Writing content compatible with a screen reader
The following points provide advice on writing items suitable for use with a screen reader:
- Include any initial instructional text at the beginning of the item. When a candidate is using a screen reader they will only be able to hear in a chronological flow of text and therefore any necessary instructions presented after a question may be overlooked.
- Use semi-colons (;), commas (,) or full stops (.) after bullet points to separate each point, which may otherwise be read as continuous text.
- Do not write words purely in CAPITAL LETTERS as they may be read out as single letters by some screen reading programmes.
- Separate bullet points with an extra space.
- Only use signs and symbols if absolutely necessary, e.g. asterisks or dashes (both short and long), as these will be spoken and may be distracting to the candidate.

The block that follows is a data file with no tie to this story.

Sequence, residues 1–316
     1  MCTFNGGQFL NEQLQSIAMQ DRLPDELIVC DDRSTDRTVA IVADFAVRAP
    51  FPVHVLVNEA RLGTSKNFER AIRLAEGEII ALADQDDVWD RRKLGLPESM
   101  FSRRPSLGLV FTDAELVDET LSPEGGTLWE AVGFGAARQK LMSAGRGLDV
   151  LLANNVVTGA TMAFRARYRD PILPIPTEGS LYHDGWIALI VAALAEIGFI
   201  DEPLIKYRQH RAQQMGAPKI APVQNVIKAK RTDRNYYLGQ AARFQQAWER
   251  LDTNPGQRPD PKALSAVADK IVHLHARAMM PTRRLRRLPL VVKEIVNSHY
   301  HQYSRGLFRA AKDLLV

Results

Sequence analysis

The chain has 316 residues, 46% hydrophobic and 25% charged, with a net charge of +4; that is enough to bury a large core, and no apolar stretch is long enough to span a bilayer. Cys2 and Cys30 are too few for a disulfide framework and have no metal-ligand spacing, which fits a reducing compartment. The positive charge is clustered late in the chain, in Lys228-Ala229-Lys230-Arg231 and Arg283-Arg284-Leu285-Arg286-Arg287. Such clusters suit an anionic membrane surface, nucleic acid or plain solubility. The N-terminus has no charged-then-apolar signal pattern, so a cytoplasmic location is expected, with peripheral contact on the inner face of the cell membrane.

- Long dashes should be avoided: use colons to make the voice pause.
- Use straight double quotation marks, (for example "She said… ") Avoid single curly or slanting quotation marks.
- Avoid roman numerals and the abbreviation “No.” for number.
- Consider whether abbreviations and acronyms need full stops, try to avoid abbreviations unless necessary and ensure any made are understandable to the candidate and do not have more than one meaning in the context.
- Use hyphens in compound words to aid text reading pronunciation.
- Avoid homophones (words that sound the same but have different meanings or spellings, e.g. patience and patients).
Delivering a test with a screen reader
The following points provide advice when delivering tests which require the use of a screen reader:
- Ensure the screen reader software is installed onto the relevant computers and all necessary equipment is available beforehand, such as headphones.
- When candidates use a screen reader for the first time it can feel unnatural or uncomfortable. Consider allowing any unpractised candidates or candidates who are using a new version of the software for the first time, to use the screen reader software in practice scenarios before use in summative assessments.
- Consider turning 'num lock' off the candidate's keyboards, as the arrows in the number pad are often used to navigate around the screen.